All agencies must have a documented process for handling complaints which should provide the quickest way to resolve any concerns at this initial level. Should this not be possible, the issue may be filed directly to the Real Estate Agents Authority siting grounds for complaint under the Real Estate Agents Act 2008.
Complaints can be delivered personally, fax, post or e-mailed directly to the REAA. Contact details are:
Real Estate Agents Authority
P.O. Box 25371 – Wellington 6146
Level 2, 10 Brandon Street – Wellington
Ph: 0800 367 7322 – Fax: 04 815 8468
For information on making a formal complaint to the REAA, click here
To file a formal complaint to the REAA on the correct form, click here
To view our In-House Complaints and Disputes Resolution Procedures, click here
The Complaint’s Process
Should any resolve at the agency level not be achievable, the complaint may then be filed with the REAA where it may be declined, referred to an Early Resolutions Facilitator, or the Complaints Assessment Committee. These Committees will have three members; one will be drawn from the Board, one will be a real estate agent and one member must be a lawyer with no less than seven years’ experience.
All associated parties will be advised on documents received and the progress of the process every step of the way. The Committee will consider the complaint as soon as possible and may decide to take no action if it considers the licensee complained about did nothing wrong or the complaint is inconsequential or was not made in good faith. If the Committee thinks the complaint would be better handled by another agency it can refer the complaint to that agency. If the Committee decides to inquire further into the complaint, it can require the licensee complained about to appear before it to give an explanation. If necessary the Committee can also request any other party to provide further information to enable it to carry out its inquiry.
The Committee will usually just consider the information that it has received and make a decision based on that. One outcome may be that the Committee asks that both parties make use of an alternative dispute resolution process (for example, mediation or negotiation) and report back to the Committee, if it thinks this method is likely to resolve the dispute. If the Committee finds that the conduct of the licensee complained about falls short of what would usually be expected, is unacceptable, incompetent or negligent, or breaches the 2008 Act, regulations or rules (unsatisfactory conduct), it can make one or more of a number of orders including:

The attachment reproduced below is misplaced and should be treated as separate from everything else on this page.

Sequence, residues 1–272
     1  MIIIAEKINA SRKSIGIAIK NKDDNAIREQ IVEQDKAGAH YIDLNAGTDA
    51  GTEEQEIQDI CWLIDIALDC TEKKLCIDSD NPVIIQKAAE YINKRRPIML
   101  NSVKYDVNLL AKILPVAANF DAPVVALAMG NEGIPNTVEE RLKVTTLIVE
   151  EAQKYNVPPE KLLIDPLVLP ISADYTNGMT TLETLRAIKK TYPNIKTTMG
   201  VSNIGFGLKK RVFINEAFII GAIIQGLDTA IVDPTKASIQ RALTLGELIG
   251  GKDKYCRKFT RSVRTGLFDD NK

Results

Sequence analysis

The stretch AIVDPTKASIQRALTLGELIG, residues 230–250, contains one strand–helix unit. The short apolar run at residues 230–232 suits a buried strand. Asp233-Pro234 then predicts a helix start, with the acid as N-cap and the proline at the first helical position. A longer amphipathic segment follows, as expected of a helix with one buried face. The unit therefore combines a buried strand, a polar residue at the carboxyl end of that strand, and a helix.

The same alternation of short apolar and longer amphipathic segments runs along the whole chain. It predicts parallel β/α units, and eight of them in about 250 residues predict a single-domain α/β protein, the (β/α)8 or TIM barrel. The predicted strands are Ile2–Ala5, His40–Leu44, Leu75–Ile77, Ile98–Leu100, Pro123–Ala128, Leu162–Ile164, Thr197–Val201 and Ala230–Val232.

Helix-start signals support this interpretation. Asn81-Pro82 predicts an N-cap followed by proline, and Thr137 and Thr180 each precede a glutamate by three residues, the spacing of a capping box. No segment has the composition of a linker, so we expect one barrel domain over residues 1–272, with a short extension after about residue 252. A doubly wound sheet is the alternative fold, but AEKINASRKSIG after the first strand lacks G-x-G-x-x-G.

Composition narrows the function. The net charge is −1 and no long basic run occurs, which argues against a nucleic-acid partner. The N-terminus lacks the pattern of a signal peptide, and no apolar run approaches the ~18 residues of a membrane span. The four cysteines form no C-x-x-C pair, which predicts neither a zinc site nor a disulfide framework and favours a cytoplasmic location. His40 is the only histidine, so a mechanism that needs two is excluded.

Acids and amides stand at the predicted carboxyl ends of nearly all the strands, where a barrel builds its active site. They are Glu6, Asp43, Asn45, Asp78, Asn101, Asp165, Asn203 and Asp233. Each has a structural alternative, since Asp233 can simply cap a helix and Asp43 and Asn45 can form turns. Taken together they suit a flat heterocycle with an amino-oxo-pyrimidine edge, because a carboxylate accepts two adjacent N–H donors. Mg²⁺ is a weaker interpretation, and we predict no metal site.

- censuring the licensee.
- requiring that the licensee apologises.
- requiring the licensee to undergo further training or education.
- ordering the licensee to reduce, cancel of refund fees or fix an error or omission.
- fining the licensee up to $10,000 if an individual or $20,000 if a company.
- ordering the licensee to pay costs to the complainant.
If the Committee considers that the conduct is disgraceful, seriously incompetent or seriously negligent, or is a wilful or reckless breach of the 2008 Act, regulations or rules (misconduct), it can refer your complaint to the Real Estate Agents Disciplinary Tribunal.
The Real Estate Agents Disciplinary Tribunal is an independent body that is administered by the Ministry of Justice. The Disciplinary Tribunal is separate to the Real Estate Agents Authority and will consider any charges laid before it by the Committee. It will also hear appeals about decisions on complaints made by the Committee and on application, can review decisions of the Registrar. The Disciplinary Tribunal can impose greater penalties than the Complaints Assessment Committee, these penalties include:
- cancelling or suspending the licensee’s licence.
- ordering the licensee’s employment to be terminated and order that no agent employ or engage that licensee in connection with any real estate agency work.
- requiring the licensee to pay a fine of up to $15,000 for an individual, and up to $30,000 if the licensee is a company.
- ordering the licensee to pay compensation for actual loss of up to $100,000 to the complainant.
Cause For Concern
A licensee may be found guilty of unsatisfactory conduct if they carry out real estate work that:
- falls short of the standard that a reasonable member of the public is entitled to expect from a reasonably competent licensee; or
- contravenes a provision of the Real Estate Agents Act 2008 Act or of any regulations or rules made under the Act; or
- is incompetent or negligent; or
- would reasonably be regarded by agents of good standing as being unacceptable.
A licensee may be found guilty of misconduct if their conduct:
- would reasonably be regarded by agents of good standing, or reasonable members of the public, as disgraceful; or
- constitutes seriously incompetent or seriously negligent real estate agency work; or
- consists of a wilful or reckless contravention of
- the Real Estate Agents Act 2008; or
- other Acts that apply to the conduct of licensees; or
- regulations or rules made under the Act; or
- constitutes an offence for which the licensee has been convicted, being an offence that reflects adversely on the licensee’s fitness to be a licensee